The JOAT 50 Song Countdown is a blog series where every weekday for 10 weeks I am posting a brand new long form essay where I have ranked and written about my 50 favorite songs of all-time. From Adele to Zac Brown Band, Patsy Cline to Plasma Canvas, Ludacris to Rise Against, this series offers a personal essay about the 50 songs that hit me the absolute hardest.
Joe Strummer is my own personal Bruce Springsteen. People get totally moony-eyed over Bruce, and I 100% get it because Bruce is one of the most insanely talented, hard-working, and deeply sensitive musicians who has ever lived with an uncanny ability to make the audience feel like he’s talking directly to them or about them. He’s just not my particular brand of vodka. I ain’t mad when Bruce comes on, and if you love Bruce, please tell me your stories of listening to him. But you’re not gonna find me sitting around putting on Bruce’s records or telling you any Bruce stories of my own because I don’t have any.
Joe Strummer, though? I’ll tell you some stories of listening to Joe Strummer! Spoiler alert: We’ll get to The Clash and my favorite song of theirs soon enough, but for now let’s talk about Joe Strummer and his post-Clash project The Mescaleros. For a brief time I was a music reviewer at a website (that apparently still exists!) called 411Mania. I didn’t last long there because even though my background was in writing about pro wrestling, the trolls that email you about how shitty your music taste, your insight, and your writing are, are WAY meaner and grosser than pro wrestling dorks.
Needless to say, people had feelings about my pretty innocuous, overtly positive review of Streetcore by Joe Strummer & The Mescaleros. I found the Word document of that review (since it no longer exists online), and wow, my writing is… not great. I was 22 when I wrote it, so I didn’t know shit about shit, but still, some of the fuckers who wrote me about it were straight up savage. I liked this record so much and put a lot of work into this review only for the public to go, “You’re a fucking idiot, and you suck. You should quit and/or kill yourself.” So yeah, I was feeling pretty down.
For some reason, I had a Cuban cigar and a bottle of Crown Royal I think my dad gave me that I was too inexperienced to know what to do with on my own. I invited some friends over, we passed around that cigar and took turns puffing it, poured the whiskey equally among us as we sat on the back porch listening to the entirety of Streetcore and made a nice dudely evening of it. None of us were good at sipping whiskey yet, which made it largely go down like fire. We later took this picture.
Look at those fresh-faced kids.
I didn’t fully realize it at the time, but this night set a template for what would become so many of my favorite nights. A whiskey in your hand, the company of good friends, great music playing, sitting on a porch shooting the shit and just being together. On the show Inside the Actor’s Studio, James Lipton used to ask his guests, “If Heaven exists, what would you like to hear God say when you arrive at the Pearly Gates?” I think my answer is, “Your friends are on the back porch. Grab a glass and select your whiskey. They’re excited to see you, and Joe Strummer can’t wait to meet you.”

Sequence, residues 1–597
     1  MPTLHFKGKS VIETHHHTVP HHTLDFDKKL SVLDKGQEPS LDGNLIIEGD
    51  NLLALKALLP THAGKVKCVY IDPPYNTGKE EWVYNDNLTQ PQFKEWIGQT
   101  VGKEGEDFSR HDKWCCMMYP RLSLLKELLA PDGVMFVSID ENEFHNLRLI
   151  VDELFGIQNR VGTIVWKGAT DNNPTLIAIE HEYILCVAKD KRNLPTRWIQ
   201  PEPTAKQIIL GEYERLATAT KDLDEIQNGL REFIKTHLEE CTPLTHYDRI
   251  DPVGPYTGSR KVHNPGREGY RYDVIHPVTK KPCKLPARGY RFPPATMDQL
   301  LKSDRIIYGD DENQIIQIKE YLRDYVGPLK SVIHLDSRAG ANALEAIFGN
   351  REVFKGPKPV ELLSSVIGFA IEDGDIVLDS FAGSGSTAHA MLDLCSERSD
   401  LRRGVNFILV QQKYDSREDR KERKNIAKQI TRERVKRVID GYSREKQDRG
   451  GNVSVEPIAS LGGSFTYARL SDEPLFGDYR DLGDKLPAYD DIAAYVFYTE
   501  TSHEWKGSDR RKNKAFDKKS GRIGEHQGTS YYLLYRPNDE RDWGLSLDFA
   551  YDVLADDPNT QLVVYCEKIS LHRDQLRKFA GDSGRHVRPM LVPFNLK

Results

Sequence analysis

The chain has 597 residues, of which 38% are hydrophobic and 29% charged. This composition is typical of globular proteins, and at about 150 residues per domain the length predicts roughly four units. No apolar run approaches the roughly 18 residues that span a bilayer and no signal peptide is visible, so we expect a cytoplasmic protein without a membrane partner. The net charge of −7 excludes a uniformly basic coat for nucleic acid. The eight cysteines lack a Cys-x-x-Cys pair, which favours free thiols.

“Silver and Gold” is the last song on Streetcore, which when viewed a certain way, feels like Joe Strummer’s very last song ever since this album was completed after his death. It’s a cover of a 1960 Fats Domino song called “Before I Grow Too Old.” That version is excellent, but like the Nine Inch Nails song “Hurt,” once Johnny Cash put his stamp on it, it belonged to him. “Silver and Gold” is Joe Strummer’s, if nowhere else, then in my heart.
I’m gonna go out dancin’ every night
I’m gonna see all the city lights
I’ll do everything silver and gold
I got to hurry up before I grow too old
I’m gonna take a trip around the world
I’m gonna kiss all the pretty girls
I’ll do everything silver and gold
And I got to hurry up before I grow too old
Joe Strummer was a mere 50 years old when he died unexpectedly of an undiagnosed congenital heart defect. He didn’t know he was right near the end when he recorded this song, but how eerily true the words turned out to be. Tomorrow is promised to no one, and none of us know when our time is up. One thing you’ll hear me say a lot on my show is a line I’ve stolen from legendary ski filmmaker Warren Miller: “Do it this year. Because if you don’t, you’ll be at least one year older when you do.” Or maybe you won’t get to do it at all.
This is not intended to be maudlin, nor is it the invocation to “live everyday like it’s your last” which is not only lame and platitudinous, it’s wildly impractical. Some days you just have to buy insurance or clean out the garage, man.
No, this song is a reminder that whenever my time is up, I’m not going to regret any time I spent on a porch or a patio sipping whiskey with people I love, hearing their stories, exchanging laughs, and nodding along to Joe Strummer or Bruce Springsteen or Taylor Swift or whoever. That time is precious. Invaluable. Stamped on my memory in what I hope is among the last of my memories to go.
And it’s not even that I feel the impulse to remember anything super specific about any of these times. When I listen to Joe Strummer & The Mescaleros, and in particular “Silver and Gold,” what envelops me is a feeling. An amalgamation of memory and vibe and warmth that is among the best feelings I can call to mind. And the best part is: You’ll never be too old to do whatever version of this you desire. You’ll do it silver and gold forever.
Up next: Til I understand or go blind…